Easter means we become Who we receive: Love.

In our Anglican ethos, scripture, tradition, and reason proclaim God’s existence. Yet it is my life’s experience that proves God’s Love. Herbert’s experience is my experience! I have known moments of painful glory when unconditional love welcomed me. When others (and I’m not talking about people who didn’t and don’t know me, but rather people who knew and know me well, very well; knowing things about me that I despise and wouldn’t want them or anyone to know!) embraced me without regard or reserve, overcoming every obstacle of my sense of my unworthiness, calling me to accept, to love myself just as I am. Though never a constant state (indeed, what is?), I have known moments of being so loved that I love.

In my pastoral ministry, listening to, loving others, I also know that everyone has not had moments of this pained glory when, in spite of their poor self-esteem, indeed, in some cases, self-loathing, the love of others bade them welcome. I have grieved with those who, in their experiences of judgment and rejection, largely only know pain and no glory.

Easter means finding and knowing, going and being home. Easter means we are called to rise in new life here on earth, being and becoming, and giving what we have received that all will know God’s Love.

If Easter ain’t about that, then Easter ain’t about anything!


Illustration: Martyrdom of St. Stephen (c. 1560), Giorgio Vasari (1511-1574)


[1] From the Nicene Creed. The full text:

We believe in one God, the Father, the Almighty, maker of heaven and earth, of all that is, seen and unseen.

We believe in one Lord, Jesus Christ, the only Son of God, eternally begotten of the Father, God from God, Light from Light, true God from true God, begotten, not made, of one Being with the Father. Through him all things were made. For us and for our salvation he came down from heaven: by the power of the Holy Spirit he became incarnate from the Virgin Mary, and was made man. For our sake he was crucified under Pontius Pilate; he suffered death and was buried. On the third day he rose again in accordance with the Scriptures; he ascended into heaven and is seated at the right hand of the Father. He will come again in glory to judge the living and the dead, and his kingdom will have no end.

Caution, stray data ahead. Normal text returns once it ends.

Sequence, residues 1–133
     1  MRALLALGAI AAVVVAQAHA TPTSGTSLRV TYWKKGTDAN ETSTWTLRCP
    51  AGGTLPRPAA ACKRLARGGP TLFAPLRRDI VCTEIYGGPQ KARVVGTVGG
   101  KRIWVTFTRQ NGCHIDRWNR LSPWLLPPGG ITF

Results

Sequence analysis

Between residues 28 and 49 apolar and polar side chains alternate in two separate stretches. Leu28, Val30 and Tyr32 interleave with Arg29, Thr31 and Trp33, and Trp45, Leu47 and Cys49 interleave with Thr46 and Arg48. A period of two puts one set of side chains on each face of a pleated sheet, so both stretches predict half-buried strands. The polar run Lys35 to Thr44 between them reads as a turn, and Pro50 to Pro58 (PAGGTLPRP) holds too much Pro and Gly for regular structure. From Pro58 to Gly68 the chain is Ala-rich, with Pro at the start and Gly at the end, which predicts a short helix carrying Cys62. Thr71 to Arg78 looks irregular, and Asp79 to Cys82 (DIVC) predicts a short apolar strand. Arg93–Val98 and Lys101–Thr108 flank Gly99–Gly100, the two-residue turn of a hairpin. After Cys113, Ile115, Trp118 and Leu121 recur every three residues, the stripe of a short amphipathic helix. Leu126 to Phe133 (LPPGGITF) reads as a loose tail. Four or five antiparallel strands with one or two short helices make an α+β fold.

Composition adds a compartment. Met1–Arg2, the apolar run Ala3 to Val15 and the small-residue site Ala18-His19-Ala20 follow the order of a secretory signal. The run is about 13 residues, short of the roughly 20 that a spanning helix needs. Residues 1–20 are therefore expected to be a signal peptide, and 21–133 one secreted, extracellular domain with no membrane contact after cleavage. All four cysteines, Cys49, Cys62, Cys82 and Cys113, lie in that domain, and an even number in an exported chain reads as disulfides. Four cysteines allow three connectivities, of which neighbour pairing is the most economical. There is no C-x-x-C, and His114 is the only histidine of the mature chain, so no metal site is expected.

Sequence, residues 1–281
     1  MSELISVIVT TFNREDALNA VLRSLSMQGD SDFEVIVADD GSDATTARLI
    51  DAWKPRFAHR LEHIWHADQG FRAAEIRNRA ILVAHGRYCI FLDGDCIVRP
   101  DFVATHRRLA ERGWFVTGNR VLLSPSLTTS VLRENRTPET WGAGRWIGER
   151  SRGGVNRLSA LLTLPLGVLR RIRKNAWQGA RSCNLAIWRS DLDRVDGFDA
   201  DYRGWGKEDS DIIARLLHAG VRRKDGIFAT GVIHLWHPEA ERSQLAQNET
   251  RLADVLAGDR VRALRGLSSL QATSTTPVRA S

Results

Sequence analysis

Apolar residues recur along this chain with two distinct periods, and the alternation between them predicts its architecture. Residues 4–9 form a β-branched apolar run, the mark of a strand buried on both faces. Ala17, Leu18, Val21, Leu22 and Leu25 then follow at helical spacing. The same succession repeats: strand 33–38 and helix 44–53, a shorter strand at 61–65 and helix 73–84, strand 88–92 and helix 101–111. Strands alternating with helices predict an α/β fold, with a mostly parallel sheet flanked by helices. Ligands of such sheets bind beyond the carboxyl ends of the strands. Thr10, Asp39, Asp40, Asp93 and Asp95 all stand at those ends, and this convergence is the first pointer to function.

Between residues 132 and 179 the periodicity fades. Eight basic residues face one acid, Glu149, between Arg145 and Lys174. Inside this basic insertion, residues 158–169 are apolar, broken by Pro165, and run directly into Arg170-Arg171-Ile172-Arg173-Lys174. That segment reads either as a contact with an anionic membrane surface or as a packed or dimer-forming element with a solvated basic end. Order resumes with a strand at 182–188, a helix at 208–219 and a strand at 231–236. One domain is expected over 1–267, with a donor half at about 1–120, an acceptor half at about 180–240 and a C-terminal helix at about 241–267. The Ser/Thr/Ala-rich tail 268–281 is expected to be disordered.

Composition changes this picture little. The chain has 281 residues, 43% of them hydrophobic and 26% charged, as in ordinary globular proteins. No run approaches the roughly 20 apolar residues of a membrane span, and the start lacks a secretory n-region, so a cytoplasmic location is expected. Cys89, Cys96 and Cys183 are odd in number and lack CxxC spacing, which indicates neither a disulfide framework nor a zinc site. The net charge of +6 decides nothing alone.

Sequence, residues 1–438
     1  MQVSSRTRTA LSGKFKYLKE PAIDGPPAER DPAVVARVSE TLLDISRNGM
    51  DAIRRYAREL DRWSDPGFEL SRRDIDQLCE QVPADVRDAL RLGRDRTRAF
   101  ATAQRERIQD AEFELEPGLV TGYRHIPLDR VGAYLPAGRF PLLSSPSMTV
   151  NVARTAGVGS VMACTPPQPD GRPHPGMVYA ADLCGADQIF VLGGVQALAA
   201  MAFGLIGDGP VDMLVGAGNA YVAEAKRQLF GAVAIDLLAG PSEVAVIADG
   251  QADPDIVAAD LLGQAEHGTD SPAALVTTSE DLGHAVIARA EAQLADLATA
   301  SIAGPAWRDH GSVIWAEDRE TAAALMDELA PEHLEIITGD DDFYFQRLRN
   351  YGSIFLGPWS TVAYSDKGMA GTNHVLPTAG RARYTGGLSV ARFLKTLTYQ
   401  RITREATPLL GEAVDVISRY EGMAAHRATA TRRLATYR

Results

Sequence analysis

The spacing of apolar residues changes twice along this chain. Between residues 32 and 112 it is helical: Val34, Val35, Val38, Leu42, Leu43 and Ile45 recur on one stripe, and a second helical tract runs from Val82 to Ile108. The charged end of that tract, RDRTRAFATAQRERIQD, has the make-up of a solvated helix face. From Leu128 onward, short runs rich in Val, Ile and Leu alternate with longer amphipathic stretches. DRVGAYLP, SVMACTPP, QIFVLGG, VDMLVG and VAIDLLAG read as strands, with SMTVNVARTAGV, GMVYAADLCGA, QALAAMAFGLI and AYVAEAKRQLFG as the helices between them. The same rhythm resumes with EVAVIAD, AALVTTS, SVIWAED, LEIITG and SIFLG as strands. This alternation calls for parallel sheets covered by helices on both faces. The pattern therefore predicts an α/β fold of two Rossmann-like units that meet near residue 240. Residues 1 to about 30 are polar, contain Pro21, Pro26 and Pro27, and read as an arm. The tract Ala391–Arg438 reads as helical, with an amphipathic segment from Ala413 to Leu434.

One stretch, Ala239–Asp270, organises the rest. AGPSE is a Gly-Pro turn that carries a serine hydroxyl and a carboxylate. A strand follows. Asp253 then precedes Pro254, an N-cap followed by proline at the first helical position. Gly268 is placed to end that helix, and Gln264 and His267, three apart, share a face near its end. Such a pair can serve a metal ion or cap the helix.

We believe in the Holy Spirit, the Lord, the giver of life, who proceeds from the Father and the Son. With the Father and the Son he is worshiped and glorified. He has spoken through the Prophets.

We believe in one holy catholic and apostolic Church. We acknowledge one baptism for the forgiveness of sins. We look for the resurrection of the dead, and the life of the world to come. Amen.

[2] George Herbert, Portrait by Robert White (1674), National Portrait Gallery George Herbert (1593-1633), Welsh-born Anglican priest, orator, and poet (Portrait by Robert White, 1674, National Portrait Gallery)


[3] Love bade me welcome: yet my soul drew back,

Guiltie of dust and sinne.

But quick-ey’d Love, observing me grow slack

From my first entrance in,

Drew nearer to me, sweetly questioning,

If I lack’d any thing.

A guest, I answer’d, worthy to be here:

Love said, You shall be he.

I the unkinde, ungratefull? Ah my deare,

I cannot look on thee.